Though there are limits, a skagit head is VERY forgiving - again one might say this is the whole point of skagit heads - and you can vary the density of the tips as well. Within limits of course - and far more than you could with a delicately tapered line. So for example you can vary the depth by using the same length of different materials like 12’ of t8/t11/t14.

Lastly if you are an Epicurean type you can use compensated tips like the Rio replacement tips. They tend to be more expensive but different sink rates in a given set have the SAME linear density AND weight, but different diameters. That way you can change depth while keeping the casting experience (both linear density and length, so here also total weight) the same for all the tips. That is far more important for tapered heads with lighter ends, but works with skagit heads as well. But if you use this method you will literally not be able to notice any difference when casting different sink rates. Beyond the fact that your anchor will sink differently - there is no getting around that.

I hope this helped a very little.
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Last edited by Botsari; 01-01-2020 at 03:34 PM.
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post #7 of 16 (permalink) Old 01-01-2020, 01:22 PM
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The coastal streams around me aren't very deep but when the fish are in, they're running fast and I may need to take a step up.
T14 won't take you down much more than 11- a few inches at best. Think about fly placement and sink-time not under tension (allowing your fly and tip to sink before being planed up at all by the line coming under tension). Flies of various weights also allow you to swing higher or lower in the water column with the same tip.

Last edited by SLSS; 01-01-2020 at 02:27 PM.
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post #8 of 16 (permalink) Old 01-01-2020, 01:54 PM
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It is always far less that people tend to think but under tension the depth a fly is held at under static conditions is linearly proportional to the length of tip and the sink rate. So twice the length, twice as deep. Same length but twice the sink rate, twice as deep. Both, four times as deep. So the same lengths of s8 vs s10 - only 10/8 deeper! The static depth is also inversely proportional to the tension - so angle and water speed.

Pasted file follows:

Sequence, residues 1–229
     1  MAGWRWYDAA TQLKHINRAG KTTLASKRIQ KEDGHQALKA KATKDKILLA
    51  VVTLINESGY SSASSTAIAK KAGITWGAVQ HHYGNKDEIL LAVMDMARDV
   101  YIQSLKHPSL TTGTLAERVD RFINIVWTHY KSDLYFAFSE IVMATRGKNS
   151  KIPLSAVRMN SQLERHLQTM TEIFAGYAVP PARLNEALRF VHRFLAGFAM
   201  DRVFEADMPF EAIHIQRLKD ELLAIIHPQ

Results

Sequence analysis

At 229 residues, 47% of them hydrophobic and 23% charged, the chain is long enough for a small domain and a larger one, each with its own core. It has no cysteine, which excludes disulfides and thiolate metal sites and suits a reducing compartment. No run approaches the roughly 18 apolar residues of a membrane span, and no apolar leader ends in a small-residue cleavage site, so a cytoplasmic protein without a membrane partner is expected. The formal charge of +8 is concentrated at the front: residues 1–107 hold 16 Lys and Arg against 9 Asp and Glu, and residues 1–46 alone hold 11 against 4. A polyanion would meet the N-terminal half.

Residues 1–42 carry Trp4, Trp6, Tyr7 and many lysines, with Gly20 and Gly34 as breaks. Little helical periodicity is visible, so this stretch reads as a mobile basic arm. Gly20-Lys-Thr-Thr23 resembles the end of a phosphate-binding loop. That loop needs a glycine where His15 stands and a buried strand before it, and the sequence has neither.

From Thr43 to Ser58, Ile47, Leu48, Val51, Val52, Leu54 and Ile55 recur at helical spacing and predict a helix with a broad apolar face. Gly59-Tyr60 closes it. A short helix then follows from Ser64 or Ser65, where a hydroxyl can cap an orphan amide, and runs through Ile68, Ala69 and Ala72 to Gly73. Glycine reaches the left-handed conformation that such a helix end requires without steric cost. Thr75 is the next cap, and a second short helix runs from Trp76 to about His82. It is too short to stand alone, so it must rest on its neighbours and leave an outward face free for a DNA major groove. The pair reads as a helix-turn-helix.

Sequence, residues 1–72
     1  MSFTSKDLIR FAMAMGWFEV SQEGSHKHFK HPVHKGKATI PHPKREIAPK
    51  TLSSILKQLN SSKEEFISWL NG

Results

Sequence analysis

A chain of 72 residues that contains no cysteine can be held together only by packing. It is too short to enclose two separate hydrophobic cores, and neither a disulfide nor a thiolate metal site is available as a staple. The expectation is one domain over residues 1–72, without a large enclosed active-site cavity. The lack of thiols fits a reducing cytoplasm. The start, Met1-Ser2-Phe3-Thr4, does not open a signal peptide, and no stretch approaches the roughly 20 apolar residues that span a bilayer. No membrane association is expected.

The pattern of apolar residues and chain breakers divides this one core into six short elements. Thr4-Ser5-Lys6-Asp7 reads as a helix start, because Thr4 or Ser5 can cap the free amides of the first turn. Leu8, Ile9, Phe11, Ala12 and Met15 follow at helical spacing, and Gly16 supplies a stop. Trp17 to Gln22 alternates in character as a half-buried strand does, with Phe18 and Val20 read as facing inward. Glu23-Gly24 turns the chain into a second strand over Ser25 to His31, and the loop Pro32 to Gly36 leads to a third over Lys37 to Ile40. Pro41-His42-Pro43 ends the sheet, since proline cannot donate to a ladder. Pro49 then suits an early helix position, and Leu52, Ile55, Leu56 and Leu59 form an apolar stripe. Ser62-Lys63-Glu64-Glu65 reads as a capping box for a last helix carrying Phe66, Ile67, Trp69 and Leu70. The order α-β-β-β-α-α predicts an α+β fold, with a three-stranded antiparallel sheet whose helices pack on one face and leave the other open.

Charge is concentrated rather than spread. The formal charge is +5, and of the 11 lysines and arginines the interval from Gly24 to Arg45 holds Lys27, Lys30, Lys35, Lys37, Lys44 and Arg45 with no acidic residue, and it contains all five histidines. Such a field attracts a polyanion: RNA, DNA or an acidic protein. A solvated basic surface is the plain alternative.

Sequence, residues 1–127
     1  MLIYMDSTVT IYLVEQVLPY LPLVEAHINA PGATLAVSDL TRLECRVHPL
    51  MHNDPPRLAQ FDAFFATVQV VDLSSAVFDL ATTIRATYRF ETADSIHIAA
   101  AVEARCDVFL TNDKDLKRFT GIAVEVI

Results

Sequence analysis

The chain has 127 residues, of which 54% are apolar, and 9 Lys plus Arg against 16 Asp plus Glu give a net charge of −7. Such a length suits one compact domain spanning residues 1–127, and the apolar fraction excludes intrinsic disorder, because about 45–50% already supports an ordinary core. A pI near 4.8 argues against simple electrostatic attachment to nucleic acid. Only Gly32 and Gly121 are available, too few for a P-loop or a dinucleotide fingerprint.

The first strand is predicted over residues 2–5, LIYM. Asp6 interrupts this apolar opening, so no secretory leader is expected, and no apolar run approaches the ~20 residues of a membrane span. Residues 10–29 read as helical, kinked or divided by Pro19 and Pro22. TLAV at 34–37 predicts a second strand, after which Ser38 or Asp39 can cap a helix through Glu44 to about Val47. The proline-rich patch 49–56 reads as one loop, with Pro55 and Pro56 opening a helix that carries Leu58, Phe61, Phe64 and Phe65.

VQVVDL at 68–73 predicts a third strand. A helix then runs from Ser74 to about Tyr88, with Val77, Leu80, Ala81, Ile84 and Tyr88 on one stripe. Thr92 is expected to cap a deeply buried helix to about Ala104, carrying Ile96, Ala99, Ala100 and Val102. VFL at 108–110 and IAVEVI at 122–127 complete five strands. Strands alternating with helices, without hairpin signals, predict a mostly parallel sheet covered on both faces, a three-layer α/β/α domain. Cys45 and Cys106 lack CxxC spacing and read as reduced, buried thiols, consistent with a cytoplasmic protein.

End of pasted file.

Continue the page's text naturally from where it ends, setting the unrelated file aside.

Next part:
Everything else is finesse as mentioned above. There are some situations where everything depends on just sinking the fly under no tension to a particular depth and then bringing it under tension at a certain point. There are also a whole lot of situations where you may be searching a large area and the static depth and speed (micro-controlled by adjusting the tension through controlling the angle) are very important. In either case adjusting the length and sink rate of the tip can only make it easier or harder to do what you want - but the rest is up to you.

There are loads of very skilled people who only ever use one tip type and one tip length for everything Kind of like Tenkara - use the same rod, line and even fly for every situation - just add experience and skill and/or edit the water you fish. I’m not anywhere near there yet, but I appreciate the aesthetic.
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post #9 of 16 (permalink) Old 01-01-2020, 07:24 PM Thread Starter
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It helped a lot, to be honest. Thank you for taking the time to give me a detailed explanation - the concepts aren't alien to me but your explanation made me think about it differently (and that's not easy to do). I appreciate it.
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post #10 of 16 (permalink) Old 01-02-2020, 02:13 PM
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Are you rocking an Echo TR by chance?

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post #11 of 16 (permalink) Old 01-02-2020, 11:40 PM Thread Starter
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Are you rocking an Echo TR by chance?
No. Why do you ask?
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post #12 of 16 (permalink) Old 01-03-2020, 01:29 AM
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No. Why do you ask?
If you list what rod you are using that will help with the right line and tips recommendations for your rod as I am sure someone on here has or had that rod and can help.
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post #13 of 16 (permalink) Old 01-03-2020, 06:46 AM Thread Starter
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If you list what rod you are using that will help with the right line and tips recommendations for your rod as I am sure someone on here has or had that rod and can help.
Good to know, thanks. I'm trying to prepare for an ECHO DH II 6126. I waiting to receive it and didn't have an answer for what I'm currently using.
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post #14 of 16 (permalink) Old 01-03-2020, 11:02 AM
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Decho II 6wt = 450 skagit head with 12’ (cut back from the 15’ ones) Rio 8 or 9 wt replacement tips. Those are about the same linear density as t8 but with multiple sink rates. That one or the 6.5 (the one I have) are almost perfect for summer steelhead in our area of the world. Good luck.

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post #15 of 16 (permalink) Old 01-03-2020, 11:52 AM
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From what I understand (and experience), Echo rods can be quite powerful, so for Skagit you can go from mid to high in the grain window and be fine. For my Echo TR 6126 it was recommended by a guy at Echo to use a 450 skagit head, but could even try going up to 480.